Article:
America taken for granted: Students lose sight of what really mattersThursday, October 05, 2006 By Ashley Encalda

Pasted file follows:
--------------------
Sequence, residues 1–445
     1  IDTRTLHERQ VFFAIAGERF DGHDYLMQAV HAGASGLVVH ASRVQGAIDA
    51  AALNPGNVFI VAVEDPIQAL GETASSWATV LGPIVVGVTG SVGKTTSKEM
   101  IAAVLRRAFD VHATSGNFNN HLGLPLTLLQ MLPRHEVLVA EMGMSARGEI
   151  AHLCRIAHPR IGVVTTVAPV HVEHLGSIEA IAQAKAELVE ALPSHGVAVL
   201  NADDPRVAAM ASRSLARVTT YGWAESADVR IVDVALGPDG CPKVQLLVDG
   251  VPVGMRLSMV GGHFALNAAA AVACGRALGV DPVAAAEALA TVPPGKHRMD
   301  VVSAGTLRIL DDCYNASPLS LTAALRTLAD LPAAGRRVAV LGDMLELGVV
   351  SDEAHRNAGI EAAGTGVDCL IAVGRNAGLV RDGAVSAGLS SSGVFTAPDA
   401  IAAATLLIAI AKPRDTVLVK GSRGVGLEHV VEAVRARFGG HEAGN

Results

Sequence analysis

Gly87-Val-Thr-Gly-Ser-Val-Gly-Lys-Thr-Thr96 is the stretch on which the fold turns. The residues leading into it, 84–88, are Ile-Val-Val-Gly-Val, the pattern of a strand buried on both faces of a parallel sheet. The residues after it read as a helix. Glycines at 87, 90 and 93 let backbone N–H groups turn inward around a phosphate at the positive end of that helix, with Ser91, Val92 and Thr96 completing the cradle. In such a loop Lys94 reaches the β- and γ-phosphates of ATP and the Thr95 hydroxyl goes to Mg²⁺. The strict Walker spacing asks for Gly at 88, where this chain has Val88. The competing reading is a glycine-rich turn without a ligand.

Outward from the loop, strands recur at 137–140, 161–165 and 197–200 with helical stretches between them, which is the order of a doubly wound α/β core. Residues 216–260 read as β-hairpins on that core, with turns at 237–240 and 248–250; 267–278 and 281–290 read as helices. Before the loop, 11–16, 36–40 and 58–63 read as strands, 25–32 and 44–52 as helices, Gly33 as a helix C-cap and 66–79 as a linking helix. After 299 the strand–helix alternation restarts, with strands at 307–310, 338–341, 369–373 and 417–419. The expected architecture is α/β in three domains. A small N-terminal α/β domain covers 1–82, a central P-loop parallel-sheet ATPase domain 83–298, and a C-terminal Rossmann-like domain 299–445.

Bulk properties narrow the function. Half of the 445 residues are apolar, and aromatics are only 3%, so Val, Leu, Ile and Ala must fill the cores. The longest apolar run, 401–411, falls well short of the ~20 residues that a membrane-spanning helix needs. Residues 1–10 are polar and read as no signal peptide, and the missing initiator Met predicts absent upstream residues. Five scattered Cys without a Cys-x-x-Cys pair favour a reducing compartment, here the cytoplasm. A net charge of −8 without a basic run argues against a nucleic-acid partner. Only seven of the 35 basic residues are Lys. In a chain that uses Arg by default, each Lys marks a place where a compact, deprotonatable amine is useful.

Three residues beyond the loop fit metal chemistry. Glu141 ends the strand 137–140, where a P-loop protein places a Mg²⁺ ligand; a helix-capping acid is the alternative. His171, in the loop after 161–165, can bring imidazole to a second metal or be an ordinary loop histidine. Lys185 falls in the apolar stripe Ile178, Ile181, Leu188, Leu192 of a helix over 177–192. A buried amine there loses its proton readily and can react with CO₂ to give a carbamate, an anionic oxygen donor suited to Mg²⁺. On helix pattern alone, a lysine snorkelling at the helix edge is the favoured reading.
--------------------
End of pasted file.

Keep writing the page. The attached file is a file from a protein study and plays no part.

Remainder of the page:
“Yes! Modern teenagers are spoiled rotten!” English teacher David Holbrook has strong feeling towards this generation and their lack of respect for their rights and privileges as American citizens. The way students can regain their dignity as American citizens is to travel to foreign countries to see the delicate environment that other children are living in and realize what they have. Most teenagers dedicate so much time spending money on today’s “in” clothing when they could instead set aside their money for something valuable. Some children and teenagers in Africa and Ecuador do not even have any clothing. And when teens do buy new clothing, they should at least give their old clothes away to the homeless. At school and at home, there are students that take out more food than they can eat and don’t realize they throw half of it away. Meanwhile, other starving kids will eat anything and everything the other kids throw away. On average, every 5 seconds a child dies from starvation, so by the time it takes somebody to read this, two children have died. A web site dedicated to world hunger states that every year, about 11 million children all around the globe die before his or her fifth birthday. One out of six people go to sleep at night with an empty stomach, and one out of four lacks safe drinking water. More than 1.2 billion people are living off $1 a day. Who can imagine living like that? Nowadays, in America, there are limited things you can buy with a dollar. Most students spend dollars on gum, chips, and candy, and the prices just keep getting higher. What goes up continues going up. What if teenagers were to go to these places, would they realize what they have? Comparing the advantages of luxury living to the homeless and starving can be wrong. “Folks, it can happen to anybody!” Holbrook said. Causes of poverty can include natural disasters such as Hurricane Katrina, lack of education, crime, and many more. Mostly teenagers who are in middle school and high school drop out when free education is in their reach. Other children do not have a school to go to or even any money for school supplies. Some students drop out without being aware of the opportunity they are given and the chances they have to excel. Technology is a big part of students’ daily lives, especially cell phones, which can be holding back on a student’s academic success. Cell phones have become so reliable that some students freak out when they lose them. “I...feel my phone is my life. So I would go crazy if I lose it. Yo dig? If I didn’t have a cell now, it would be all bad. Yo feel me? So I am glad for our technology,” said senior Marquise Smith. Some students may take advantage of the technology we have. “When it runs out or it’s not available anymore they want it and they wanna take advantage of it, but its gone,” said Smith. In other words, you don’t know what you have until you lose it. Some children don’t use cell phones for communication; they collect broken cell phones for other causes. “The suffering in Gaza has reached a point where young Palestinian children have resorted to sucking the toxic juices from cell phone batteries in order to survive,” said spokesman Ibrahim Hooper, from The Council on American Islamic Relations (CAIR). Some people have decided to take up certain professions in order to contribute to society. “I became a teacher because I care about the future, it makes a difference to me about what happens,” Holbrook said. Students have the ability to do many things to help their community and maybe even the world, but most haven’t started yet. “Wasting food is an evil. Cry and shame we can’t get food where it belongs,” said Holbrook.